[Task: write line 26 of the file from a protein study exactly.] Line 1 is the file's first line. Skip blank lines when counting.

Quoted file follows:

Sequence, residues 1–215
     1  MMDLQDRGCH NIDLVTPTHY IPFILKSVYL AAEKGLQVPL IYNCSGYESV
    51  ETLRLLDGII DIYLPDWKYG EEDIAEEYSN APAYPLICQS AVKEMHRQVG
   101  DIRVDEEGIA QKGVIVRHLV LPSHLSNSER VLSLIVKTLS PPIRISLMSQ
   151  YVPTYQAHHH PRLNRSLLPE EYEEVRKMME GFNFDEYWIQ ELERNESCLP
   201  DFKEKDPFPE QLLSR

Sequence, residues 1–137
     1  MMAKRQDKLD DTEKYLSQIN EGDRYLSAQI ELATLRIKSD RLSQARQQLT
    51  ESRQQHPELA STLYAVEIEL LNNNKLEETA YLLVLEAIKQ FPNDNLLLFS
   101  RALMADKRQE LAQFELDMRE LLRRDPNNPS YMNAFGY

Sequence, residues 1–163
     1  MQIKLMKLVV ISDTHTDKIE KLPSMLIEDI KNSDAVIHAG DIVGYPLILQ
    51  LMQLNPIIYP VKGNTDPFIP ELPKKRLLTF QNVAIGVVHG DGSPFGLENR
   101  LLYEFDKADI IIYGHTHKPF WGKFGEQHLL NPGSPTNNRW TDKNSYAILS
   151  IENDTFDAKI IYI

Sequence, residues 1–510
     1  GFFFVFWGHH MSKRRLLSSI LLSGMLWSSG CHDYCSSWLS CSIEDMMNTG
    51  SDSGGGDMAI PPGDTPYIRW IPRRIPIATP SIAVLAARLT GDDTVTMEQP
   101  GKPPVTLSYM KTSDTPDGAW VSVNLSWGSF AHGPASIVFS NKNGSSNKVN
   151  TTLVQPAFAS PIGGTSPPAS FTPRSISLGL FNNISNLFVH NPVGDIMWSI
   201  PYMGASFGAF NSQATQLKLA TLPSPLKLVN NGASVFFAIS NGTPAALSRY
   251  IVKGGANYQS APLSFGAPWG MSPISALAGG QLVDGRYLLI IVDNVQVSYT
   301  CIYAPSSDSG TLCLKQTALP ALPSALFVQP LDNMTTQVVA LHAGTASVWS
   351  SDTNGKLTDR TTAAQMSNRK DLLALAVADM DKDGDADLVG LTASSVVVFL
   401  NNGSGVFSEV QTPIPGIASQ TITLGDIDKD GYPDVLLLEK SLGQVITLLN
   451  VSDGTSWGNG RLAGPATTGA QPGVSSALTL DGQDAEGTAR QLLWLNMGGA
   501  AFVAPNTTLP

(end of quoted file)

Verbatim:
   451  VSDGTSWGNG RLAGPATTGA QPGVSSALTL DGQDAEGTAR QLLWLNMGGA